Homeschooling: The Original School Choice

By: Andrew Campanella

Last Upated: July 7, 2021

Homeschooling was the original school choice.

Before modern-day school choice policies took root, parents who wanted greater opportunity for their children’s education took matters into their own homes. Their pioneering efforts started a powerful movement for home education.

In fact, you may have heard of some of these homeschooled “kids” — Abraham Lincoln, Franklin D. Roosevelt, Douglas MacArthur, Sandra Day O’Connor, Laura Ingalls Wilder, or Susan B. Anthony (and many, many more!)

Today’s homeschooling community is fascinating, diverse, and truly connected.

In addition to posting great academic results — such as high SAT and ACT scores, and high levels of college admissions — students who are educated in the home have so many different opportunities to work with other students. Tens of thousands of homeschool communities and collaboratives, such as Classical Conversations, provide opportunities for parents and children to work together and learn from each other.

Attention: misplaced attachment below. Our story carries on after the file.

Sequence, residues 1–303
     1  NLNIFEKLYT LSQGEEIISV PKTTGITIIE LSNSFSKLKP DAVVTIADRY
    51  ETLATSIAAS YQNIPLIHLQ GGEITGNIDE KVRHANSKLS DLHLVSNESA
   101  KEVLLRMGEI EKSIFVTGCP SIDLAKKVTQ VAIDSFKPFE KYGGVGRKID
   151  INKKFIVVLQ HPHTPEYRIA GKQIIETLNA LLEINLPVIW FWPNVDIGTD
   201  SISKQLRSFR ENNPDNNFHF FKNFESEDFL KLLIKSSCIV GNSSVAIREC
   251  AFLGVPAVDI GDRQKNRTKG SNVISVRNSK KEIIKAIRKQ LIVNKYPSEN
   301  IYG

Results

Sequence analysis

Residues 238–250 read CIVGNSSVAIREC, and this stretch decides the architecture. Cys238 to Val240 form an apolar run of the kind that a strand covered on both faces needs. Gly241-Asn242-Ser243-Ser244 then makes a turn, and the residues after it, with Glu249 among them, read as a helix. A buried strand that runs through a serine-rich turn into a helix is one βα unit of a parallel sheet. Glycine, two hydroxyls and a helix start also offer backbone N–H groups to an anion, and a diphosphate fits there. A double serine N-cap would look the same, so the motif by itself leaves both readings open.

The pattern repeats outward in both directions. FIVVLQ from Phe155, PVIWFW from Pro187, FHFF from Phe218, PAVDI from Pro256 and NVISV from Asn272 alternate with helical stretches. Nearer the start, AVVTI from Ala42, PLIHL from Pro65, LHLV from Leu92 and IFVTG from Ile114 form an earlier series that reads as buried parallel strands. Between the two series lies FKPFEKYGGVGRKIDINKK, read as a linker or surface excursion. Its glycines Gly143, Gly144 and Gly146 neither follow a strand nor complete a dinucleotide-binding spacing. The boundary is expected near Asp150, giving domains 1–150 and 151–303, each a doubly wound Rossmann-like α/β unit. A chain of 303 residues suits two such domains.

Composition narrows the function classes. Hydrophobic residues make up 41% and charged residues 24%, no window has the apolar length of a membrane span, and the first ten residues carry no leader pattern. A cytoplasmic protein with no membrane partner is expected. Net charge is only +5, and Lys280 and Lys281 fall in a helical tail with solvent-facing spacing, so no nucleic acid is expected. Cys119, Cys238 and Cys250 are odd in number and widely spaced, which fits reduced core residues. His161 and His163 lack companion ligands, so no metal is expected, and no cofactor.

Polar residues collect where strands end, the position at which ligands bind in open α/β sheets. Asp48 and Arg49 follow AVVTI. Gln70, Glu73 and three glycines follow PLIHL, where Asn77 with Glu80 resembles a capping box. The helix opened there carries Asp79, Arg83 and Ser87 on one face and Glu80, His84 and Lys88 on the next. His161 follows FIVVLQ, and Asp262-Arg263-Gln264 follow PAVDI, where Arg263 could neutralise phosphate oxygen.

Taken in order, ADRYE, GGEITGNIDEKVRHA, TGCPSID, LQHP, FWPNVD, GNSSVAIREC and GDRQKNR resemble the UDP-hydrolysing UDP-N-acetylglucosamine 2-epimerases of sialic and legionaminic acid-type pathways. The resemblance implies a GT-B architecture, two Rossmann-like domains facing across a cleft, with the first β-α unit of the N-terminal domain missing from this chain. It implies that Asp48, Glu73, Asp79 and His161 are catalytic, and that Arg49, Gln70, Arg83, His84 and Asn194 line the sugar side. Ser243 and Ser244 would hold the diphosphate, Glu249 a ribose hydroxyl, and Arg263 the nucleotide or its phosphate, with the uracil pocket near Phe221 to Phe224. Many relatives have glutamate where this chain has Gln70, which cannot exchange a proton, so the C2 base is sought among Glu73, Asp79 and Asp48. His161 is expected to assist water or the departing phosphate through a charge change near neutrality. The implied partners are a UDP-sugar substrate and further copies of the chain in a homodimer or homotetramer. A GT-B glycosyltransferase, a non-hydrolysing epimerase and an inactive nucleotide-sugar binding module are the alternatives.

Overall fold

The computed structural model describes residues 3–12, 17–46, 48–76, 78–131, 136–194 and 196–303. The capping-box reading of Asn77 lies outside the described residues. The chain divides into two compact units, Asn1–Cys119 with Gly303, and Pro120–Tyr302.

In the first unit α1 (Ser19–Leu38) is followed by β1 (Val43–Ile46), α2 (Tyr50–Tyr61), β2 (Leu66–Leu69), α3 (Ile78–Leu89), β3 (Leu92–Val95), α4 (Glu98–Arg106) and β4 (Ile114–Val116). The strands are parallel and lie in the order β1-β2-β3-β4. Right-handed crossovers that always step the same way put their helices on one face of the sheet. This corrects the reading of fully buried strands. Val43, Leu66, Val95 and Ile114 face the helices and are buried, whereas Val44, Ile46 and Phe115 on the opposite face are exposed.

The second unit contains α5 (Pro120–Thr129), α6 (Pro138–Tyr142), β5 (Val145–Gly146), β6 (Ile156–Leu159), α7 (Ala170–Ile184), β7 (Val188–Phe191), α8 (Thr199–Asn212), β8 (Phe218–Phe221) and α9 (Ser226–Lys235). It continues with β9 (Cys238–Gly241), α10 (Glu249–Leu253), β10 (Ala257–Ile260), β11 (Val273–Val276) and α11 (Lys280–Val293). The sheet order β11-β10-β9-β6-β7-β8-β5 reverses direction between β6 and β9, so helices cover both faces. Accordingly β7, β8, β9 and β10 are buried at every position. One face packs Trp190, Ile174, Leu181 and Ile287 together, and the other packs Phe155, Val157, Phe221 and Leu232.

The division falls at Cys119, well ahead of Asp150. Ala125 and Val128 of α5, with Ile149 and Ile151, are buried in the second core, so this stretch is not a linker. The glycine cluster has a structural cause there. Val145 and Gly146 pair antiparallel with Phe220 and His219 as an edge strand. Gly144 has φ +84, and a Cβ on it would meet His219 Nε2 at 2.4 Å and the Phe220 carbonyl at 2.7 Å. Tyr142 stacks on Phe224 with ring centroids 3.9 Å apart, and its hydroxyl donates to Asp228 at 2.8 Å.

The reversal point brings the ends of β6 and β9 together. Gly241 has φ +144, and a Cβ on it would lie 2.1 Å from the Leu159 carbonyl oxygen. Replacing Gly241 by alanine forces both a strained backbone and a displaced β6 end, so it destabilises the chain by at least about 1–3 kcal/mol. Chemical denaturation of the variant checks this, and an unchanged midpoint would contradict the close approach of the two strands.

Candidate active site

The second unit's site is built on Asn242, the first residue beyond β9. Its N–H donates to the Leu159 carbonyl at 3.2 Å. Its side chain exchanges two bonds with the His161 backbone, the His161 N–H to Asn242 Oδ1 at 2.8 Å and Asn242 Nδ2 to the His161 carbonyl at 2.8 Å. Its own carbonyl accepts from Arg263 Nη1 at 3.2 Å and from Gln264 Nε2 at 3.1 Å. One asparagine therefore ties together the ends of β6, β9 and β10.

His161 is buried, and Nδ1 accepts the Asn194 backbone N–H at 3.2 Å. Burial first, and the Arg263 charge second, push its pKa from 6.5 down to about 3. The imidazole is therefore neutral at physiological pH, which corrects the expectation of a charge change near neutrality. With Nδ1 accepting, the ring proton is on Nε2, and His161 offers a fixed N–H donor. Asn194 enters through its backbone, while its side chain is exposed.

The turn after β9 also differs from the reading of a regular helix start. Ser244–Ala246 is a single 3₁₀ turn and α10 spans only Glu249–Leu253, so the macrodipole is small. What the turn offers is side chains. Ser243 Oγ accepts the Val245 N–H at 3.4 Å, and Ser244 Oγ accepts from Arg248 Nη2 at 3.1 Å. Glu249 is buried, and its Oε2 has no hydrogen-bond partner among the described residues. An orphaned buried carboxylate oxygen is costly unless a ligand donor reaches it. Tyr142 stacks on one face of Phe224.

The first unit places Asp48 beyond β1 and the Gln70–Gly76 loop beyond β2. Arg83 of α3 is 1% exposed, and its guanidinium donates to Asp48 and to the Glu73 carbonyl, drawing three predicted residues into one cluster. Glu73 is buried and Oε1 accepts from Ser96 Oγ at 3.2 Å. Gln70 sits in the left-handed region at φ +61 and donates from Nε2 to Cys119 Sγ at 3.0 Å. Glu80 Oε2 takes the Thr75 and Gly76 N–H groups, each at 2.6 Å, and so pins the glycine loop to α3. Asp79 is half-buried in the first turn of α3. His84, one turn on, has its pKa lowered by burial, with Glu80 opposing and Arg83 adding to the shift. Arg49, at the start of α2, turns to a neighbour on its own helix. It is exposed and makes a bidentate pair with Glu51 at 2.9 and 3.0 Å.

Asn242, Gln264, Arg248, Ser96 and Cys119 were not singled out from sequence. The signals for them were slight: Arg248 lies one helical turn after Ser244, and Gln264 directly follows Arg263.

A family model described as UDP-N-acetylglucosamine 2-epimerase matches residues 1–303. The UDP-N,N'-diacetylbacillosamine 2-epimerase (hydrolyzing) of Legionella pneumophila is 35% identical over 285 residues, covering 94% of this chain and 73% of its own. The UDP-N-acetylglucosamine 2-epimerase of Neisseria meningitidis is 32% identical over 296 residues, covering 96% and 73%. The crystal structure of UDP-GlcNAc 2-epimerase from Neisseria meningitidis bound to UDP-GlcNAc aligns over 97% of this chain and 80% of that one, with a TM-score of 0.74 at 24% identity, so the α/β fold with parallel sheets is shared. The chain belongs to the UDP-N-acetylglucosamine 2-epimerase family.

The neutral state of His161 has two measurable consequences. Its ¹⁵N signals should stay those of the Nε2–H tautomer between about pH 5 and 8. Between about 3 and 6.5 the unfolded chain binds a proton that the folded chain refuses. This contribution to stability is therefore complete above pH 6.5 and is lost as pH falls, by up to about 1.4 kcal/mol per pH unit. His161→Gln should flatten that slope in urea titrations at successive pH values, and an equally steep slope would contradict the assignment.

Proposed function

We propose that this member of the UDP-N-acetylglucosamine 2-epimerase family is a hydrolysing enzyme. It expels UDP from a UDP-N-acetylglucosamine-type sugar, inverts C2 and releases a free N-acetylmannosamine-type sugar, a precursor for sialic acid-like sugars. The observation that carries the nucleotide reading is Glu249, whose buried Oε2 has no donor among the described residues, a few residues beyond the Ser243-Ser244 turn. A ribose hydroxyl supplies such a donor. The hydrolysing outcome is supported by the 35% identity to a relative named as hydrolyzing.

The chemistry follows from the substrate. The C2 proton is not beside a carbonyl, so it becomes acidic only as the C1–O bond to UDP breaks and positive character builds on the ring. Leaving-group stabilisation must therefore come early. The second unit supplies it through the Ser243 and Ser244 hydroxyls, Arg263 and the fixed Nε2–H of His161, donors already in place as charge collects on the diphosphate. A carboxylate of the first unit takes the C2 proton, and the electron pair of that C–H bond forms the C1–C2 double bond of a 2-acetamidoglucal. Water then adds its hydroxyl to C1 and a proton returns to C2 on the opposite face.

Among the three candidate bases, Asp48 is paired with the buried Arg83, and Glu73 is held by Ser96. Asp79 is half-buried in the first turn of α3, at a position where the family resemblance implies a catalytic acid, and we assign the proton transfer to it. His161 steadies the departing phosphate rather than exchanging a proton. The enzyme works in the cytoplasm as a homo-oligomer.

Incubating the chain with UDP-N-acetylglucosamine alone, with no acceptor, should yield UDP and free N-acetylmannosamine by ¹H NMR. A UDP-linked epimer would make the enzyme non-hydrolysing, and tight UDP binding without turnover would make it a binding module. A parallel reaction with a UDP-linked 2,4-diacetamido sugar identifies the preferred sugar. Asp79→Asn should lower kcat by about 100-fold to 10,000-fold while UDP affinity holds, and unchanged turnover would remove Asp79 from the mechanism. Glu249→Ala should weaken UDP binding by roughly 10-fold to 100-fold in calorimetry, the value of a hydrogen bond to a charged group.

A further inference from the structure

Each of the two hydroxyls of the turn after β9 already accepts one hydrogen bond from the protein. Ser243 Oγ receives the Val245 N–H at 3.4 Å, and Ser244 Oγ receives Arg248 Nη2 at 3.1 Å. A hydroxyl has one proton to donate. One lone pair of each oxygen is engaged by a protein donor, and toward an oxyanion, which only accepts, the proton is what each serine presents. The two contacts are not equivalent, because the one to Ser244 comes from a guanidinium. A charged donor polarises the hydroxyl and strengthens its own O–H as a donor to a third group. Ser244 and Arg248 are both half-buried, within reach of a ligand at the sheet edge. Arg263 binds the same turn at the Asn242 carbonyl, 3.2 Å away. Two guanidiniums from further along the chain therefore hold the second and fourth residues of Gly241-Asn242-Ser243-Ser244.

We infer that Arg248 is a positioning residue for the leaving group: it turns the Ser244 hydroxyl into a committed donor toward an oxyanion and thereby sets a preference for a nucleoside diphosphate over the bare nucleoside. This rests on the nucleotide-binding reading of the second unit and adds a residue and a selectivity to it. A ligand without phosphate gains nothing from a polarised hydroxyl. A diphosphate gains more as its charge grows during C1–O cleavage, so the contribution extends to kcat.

In talking with parents and homeschool leaders, the three things that have resonated most with me is that homeschool families value structured learning, strong curricular offerings, and experiential learning. I have yet to meet a homeschool family where learning wasn’t, in some way, treated as essential but also enjoyable. Now, with the availability of new technology and online coursework and curricula, homeschooling families are expanding their boundaries and ramping up even their own expectations for their children.

Homeschoolers are passionate about homeschooling, and that enthusiasm will be on full display during National School Choice Week 2017, when more than 2,000 homeschool groups will hold events, meetings, and activities. The vast majority of these events, incidentally, are to educate, assist, and inspire parents who might be considering home education. The original school choice just keeps gaining momentum!

Learn more about National School Choice Week’s President, Andrew Campanella, in President’s Corner.

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